Unpaid interns continue to demand that for-profit businesses provide them with greater workplace protections. Employers who continue to use unpaid interns without ensuring compliance with state and federal labor regulations risk being hit with costly individual cases, as well as collective and class actions. With the number of unpaid internship programs exploding in recent years, experts estimate that at least a half a million Americans hold unpaid internships every year, with about 38% in the for-profit sector. Given New York’s six year statute of limitations for wage and hour claims, the size of the potential group of plaintiffs is substantial.
New Legislation in New York
On July 22, 2014, New York Governor Andrew Cuomo signed into law an amendment to the New York State Human Rights Law that expressly prohibits discrimination, harassment, and retaliation against unpaid interns. N.Y. Exec Law §296-C. The new legislation became effective immediately and parallels a similar law passed by New York City several months earlier. New York City’s Human Rights Law was amended unanimously after a Manhattan federal court ruled that a female unpaid intern was not protected by federal or city sex discrimination laws because she was not paid. (see Wang v. Phoenix Satellite Television US, Inc., 976 F. Supp. 2d 527 (S.D.N.Y. 2013)). Presently, only New York, Oregon and Washington, D.C. have extended discrimination laws to unpaid interns of for-profit businesses. However, the trend is likely to continue as California and New Jersey have similar legislation pending.
Second Circuit Hears Arguments on Unpaid Internships
Increasingly, courts are being forced to determine whether federal and state wage and hour laws apply to unpaid interns working in the for-profit sector. As previously discussed in this blog [ww.wigdorlaw.com/2014/04/21/unpaid-interns-as-employees/]two district courts reached opposite results on substantially similar facts in separate class actions asserting claims under the Fair Labor Standards Act (“FLSA”). The conflicting decisions arose, in part, because each court used a different test to analyze whether interns are “employees” and therefore protected under federal laws or are “trainees” and are therefore exempt from wage and hour regulations.
The DOL 6 factor test versus the “Primary Benefit” test
In Glatt v. Fox Searchlight Pictures Inc., 293 F.R.D. 516 (S.D.N.Y. 2013), the district court analyzed the question of whether unpaid interns were employees or trainees, by applying a six factor test set forth in Fact Sheet #71 by the U.S. Department of Labor (“DOL”). Criticized by employers as being too rigid, the six factor test requires that all six factors are present:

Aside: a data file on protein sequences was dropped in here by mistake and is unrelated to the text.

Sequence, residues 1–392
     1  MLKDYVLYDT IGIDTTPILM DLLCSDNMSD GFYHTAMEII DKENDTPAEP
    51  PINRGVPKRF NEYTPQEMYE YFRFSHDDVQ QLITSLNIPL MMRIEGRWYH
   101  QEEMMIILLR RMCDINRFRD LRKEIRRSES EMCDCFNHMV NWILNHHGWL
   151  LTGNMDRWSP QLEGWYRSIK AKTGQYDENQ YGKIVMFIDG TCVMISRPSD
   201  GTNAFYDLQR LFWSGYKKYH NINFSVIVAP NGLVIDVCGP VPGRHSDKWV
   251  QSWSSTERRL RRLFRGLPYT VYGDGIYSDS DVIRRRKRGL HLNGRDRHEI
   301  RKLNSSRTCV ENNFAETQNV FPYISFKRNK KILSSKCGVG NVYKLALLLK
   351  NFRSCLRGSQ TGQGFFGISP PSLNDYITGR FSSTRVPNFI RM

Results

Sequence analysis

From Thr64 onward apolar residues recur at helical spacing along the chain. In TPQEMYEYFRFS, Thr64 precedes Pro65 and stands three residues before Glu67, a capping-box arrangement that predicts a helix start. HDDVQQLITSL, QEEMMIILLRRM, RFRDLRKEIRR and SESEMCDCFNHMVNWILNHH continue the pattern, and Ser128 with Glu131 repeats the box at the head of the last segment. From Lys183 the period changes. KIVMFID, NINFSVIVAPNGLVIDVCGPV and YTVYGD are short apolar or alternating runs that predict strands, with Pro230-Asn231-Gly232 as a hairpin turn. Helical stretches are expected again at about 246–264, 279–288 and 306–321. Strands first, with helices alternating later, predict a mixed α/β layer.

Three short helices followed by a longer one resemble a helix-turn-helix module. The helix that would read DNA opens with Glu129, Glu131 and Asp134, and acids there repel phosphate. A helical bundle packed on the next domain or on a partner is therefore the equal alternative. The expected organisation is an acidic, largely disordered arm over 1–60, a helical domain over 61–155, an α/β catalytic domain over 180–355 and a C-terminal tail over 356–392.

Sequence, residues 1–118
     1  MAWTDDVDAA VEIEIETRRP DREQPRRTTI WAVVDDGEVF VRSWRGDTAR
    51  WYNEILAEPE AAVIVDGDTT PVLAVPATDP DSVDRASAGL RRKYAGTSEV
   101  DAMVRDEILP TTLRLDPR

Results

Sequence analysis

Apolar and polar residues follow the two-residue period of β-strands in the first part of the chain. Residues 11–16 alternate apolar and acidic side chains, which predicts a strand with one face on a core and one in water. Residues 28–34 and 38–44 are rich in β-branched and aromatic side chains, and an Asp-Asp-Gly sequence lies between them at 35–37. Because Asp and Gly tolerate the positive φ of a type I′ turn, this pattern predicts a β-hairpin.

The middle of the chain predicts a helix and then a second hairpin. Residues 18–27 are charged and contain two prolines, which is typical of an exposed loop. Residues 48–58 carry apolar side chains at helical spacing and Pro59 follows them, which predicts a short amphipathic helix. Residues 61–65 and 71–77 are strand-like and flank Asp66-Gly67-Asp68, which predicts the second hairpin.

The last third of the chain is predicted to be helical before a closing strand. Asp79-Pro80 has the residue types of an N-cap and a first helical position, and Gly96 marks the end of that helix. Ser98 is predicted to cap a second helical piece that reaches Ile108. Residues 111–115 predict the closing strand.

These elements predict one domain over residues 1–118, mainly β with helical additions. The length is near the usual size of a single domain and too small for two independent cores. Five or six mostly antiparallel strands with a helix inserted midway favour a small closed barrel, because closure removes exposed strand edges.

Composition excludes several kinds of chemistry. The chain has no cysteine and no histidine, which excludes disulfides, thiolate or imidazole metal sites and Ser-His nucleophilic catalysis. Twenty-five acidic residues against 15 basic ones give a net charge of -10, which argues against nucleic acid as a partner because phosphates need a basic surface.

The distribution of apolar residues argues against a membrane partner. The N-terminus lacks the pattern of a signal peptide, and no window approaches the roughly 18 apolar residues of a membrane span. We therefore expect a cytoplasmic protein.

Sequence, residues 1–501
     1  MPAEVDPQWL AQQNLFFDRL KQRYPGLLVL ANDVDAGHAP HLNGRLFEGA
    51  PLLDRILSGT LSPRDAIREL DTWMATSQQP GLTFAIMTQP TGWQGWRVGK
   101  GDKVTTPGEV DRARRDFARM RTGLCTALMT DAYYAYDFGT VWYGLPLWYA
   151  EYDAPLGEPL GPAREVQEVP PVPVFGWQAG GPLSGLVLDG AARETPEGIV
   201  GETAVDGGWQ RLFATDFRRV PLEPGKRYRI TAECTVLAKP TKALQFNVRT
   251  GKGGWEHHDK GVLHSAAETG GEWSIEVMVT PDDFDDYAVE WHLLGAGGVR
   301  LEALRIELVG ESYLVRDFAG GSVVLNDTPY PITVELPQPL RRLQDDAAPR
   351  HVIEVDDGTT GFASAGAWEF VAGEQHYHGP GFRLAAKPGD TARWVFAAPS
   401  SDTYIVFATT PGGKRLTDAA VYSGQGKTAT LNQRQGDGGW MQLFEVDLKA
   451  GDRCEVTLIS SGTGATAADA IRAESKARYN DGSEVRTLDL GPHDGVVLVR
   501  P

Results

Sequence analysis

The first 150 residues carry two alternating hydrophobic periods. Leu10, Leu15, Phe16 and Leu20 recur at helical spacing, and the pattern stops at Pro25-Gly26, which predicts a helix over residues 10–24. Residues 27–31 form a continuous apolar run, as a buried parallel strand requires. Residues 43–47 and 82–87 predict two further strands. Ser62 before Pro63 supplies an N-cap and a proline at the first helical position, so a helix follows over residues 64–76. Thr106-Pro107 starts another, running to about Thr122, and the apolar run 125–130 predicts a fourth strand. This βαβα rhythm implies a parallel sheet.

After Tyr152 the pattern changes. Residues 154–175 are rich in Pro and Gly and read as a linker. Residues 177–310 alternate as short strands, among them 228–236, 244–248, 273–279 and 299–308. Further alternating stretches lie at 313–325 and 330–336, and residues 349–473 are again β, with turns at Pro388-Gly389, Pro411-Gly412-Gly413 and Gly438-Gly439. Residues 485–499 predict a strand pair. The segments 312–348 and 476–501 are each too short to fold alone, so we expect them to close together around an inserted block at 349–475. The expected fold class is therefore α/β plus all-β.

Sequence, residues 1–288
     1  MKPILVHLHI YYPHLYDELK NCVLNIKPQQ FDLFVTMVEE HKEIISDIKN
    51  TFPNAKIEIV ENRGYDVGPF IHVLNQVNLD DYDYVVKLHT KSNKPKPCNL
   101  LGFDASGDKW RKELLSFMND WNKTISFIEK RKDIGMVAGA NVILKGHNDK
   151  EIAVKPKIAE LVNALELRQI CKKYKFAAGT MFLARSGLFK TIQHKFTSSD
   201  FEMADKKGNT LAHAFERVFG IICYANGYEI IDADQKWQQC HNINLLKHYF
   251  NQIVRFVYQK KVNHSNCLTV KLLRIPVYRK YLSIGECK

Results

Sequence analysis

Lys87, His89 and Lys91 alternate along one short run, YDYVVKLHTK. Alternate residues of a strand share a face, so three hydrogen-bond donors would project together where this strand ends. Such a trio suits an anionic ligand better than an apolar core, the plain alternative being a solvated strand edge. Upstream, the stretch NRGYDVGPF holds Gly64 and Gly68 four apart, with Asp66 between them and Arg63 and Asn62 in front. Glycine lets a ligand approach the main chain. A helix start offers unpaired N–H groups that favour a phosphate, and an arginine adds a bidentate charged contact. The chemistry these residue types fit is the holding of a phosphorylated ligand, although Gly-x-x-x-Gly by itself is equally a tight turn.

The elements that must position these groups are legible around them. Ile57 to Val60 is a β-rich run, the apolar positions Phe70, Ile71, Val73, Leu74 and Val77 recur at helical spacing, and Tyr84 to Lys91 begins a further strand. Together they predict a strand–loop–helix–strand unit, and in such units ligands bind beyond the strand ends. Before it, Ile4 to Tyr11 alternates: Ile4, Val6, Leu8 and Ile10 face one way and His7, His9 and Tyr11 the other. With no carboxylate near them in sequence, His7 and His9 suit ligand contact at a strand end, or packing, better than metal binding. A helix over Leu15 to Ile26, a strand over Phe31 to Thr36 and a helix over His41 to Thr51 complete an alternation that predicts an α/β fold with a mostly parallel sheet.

- The internship, even though it includes actual operation of the facilities of the employer, is similar to training which would be given in an educational environment;
- The internship experience is for the benefit of the intern;
- The intern does not displace regular employees, but works under close supervision of existing staff;
- The employer that provides the training derives no immediate advantage from the activities of the intern; and on occasion its operations may actually be impeded;
- The intern is not necessarily entitled to a job at the conclusion of the internship; and The employer and the intern understand that the intern is not entitled to wages for the time spent in the internship.
Using the DOL six factor test, the court in Fox held that the interns were entitled to wages. In Wang v. Hearst Corp., 293 F.R.D. 489 (S.D.N.Y. 2013), the court held that the unpaid interns were “trainees” and not entitled to compensation. The court arrived at the decision by using a totality of the circumstances approach, specifically, if the internship “primarily benefits” the intern rather than the employer, then the intern is properly deemed a trainee.
On January 30, 2015, the Second Circuit heard arguments from lawyers in both Fox and Hearst. The DOL and the interns argued in support of the six factor test. The employers advocated use of the broader balancing inquiry used in Hearst. The panel, Judges Walker, Jacobs and Wesley, indicated through their questioning that the 6 factor test was too rigid and failed to consider critical factors, including whether academic credit was received by the intern or whether the intern performed “real work.” The panel also agreed with the interns, however, on the issue that no educational benefit is gained from performing menial tasks such as running errands and getting coffee.
The Second Circuit decision is likely months away but will undoubtedly provide much needed guidance on the questions raised in these cases. Regardless of the outcome, employers can expect the number of such cases to increase going forward.
Are you an unpaid intern who performs predominately menial tasks? If so, you may have legal recourse. Please contact our firm if you have any questions concerning your unpaid internship.
|Jeanne M. Christensen
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